Drugs program makes inroads
Monday, 20th January, 2014
By Nick Gibbs
The facilitator of a local drug treatment program says “hard work” helps break the link between drugs and crime in Broken Hill, not a “magic wand”.
The Magistrates Early Referral Into Treatment (MERIT) program is aimed at defendants with charges before the Local Court who have an established problem with illicit drugs or alcohol.
Facilitator Tony Langdon explained how the voluntary 12-week program offered a tailored, case-by-case system to help clients overcome substance abuse problems.
“One of the major positives is the program’s proactive approach, it addresses the root cause of drug and alcohol related crime,” he said.
“It aims to break the drug crime cycle.”
Clients can willingly opt into the program or be referred through a range of avenues including via the police, solicitors, magistrates and community organisations.
Eligible participants cannot have charges pending related to physical violence or sexual assault and must be magistrate-approved before undergoing an assessment process.
Treatments offered include individual and group counselling, welfare support and rehabilitation.
Mr Langdon was pleased with how much interest MERIT had received locally, particularly as it is voluntary.
“We like people to come in here who want to make a change in their lives,” he said.
The program does not offer a guaranteed fix to complex substance abuse problems, but can provide the tools required for those who are ready to make positive changes.
“There is no magic wand, it’s just hard work,” he said.
Barrier Local Area Command Detective Inspector Mick Stoltenberg agreed the program was creating positive outcomes in Broken Hill, but had yet to reach its full potential.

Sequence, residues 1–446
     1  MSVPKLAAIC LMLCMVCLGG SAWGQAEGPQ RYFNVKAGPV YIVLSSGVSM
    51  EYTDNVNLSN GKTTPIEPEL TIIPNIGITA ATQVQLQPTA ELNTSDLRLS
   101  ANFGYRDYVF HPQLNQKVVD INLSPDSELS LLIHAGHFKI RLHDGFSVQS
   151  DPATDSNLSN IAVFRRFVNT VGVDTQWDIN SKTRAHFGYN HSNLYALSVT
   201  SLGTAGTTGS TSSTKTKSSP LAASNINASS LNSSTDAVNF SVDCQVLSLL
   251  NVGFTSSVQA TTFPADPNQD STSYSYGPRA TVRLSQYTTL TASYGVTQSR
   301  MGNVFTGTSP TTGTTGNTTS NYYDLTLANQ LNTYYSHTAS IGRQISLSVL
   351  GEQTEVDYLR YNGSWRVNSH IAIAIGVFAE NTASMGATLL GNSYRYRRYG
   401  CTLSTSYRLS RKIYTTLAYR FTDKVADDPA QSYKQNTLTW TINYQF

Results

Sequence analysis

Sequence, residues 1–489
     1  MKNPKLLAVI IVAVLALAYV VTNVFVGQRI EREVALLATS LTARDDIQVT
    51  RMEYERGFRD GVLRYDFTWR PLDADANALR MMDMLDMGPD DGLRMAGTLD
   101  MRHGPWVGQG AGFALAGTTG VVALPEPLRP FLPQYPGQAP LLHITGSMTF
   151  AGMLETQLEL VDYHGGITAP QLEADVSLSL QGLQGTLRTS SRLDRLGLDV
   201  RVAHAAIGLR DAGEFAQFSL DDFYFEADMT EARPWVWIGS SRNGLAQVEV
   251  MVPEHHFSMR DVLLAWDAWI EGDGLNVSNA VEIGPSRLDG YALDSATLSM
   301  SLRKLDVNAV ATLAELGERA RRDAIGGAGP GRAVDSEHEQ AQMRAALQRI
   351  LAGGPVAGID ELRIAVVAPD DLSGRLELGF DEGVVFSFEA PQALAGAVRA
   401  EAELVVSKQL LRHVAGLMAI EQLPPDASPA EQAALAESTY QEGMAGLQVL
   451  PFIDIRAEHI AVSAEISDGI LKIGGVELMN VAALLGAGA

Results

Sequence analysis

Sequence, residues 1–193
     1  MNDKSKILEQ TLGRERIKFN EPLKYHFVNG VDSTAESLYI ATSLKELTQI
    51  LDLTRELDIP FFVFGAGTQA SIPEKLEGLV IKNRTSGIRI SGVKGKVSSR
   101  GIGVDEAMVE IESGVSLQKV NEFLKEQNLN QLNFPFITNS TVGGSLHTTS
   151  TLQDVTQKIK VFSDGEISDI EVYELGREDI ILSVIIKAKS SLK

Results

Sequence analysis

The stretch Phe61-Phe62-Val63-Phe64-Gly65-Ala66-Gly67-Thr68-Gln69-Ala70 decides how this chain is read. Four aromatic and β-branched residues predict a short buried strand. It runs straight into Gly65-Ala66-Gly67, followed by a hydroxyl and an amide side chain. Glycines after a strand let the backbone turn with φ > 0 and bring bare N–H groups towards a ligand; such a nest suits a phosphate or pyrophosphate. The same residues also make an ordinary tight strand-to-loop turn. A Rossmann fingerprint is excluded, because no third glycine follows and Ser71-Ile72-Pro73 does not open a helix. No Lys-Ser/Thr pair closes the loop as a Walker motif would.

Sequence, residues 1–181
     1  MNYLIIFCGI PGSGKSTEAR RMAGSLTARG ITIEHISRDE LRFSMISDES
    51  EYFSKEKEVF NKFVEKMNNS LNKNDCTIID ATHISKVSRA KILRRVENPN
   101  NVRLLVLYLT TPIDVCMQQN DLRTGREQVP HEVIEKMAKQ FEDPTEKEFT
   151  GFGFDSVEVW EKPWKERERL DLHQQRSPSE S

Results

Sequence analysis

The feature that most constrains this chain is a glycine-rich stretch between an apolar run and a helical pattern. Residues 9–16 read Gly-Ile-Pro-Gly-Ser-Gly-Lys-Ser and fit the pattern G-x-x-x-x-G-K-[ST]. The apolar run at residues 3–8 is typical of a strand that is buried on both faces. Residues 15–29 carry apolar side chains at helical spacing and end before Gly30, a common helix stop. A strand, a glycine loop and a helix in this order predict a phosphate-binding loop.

“From the conversations I’ve had with Mr Langdon I would say yes it has been successful, but not as successful as it could be,” he said, explaining the service was underutilised by people in the community who could benefit.
MERIT has been running locally for close to 10 years and continues to receive public funding which reflects its worth, explained Mr Langdon.
The program is a joint initiative from the Attorney General’s Office, NSW Health and the NSW Police.
The Broken Hill and Wilcannia district was the first in the state to include alcohol as well as illicit drugs as both were deemed a considerable problem at the time of introduction.
Current trends reflect the nationwide drift toward an increase in methamphetamine use.
Inspector Stoltenberg agreed the drug did pose a threat locally.
“It’s becoming a risk in the community,” he said.
A large quantity of crystal methamphetamine with a value of about $30,000 was seized by Broken Hill Police in August last year.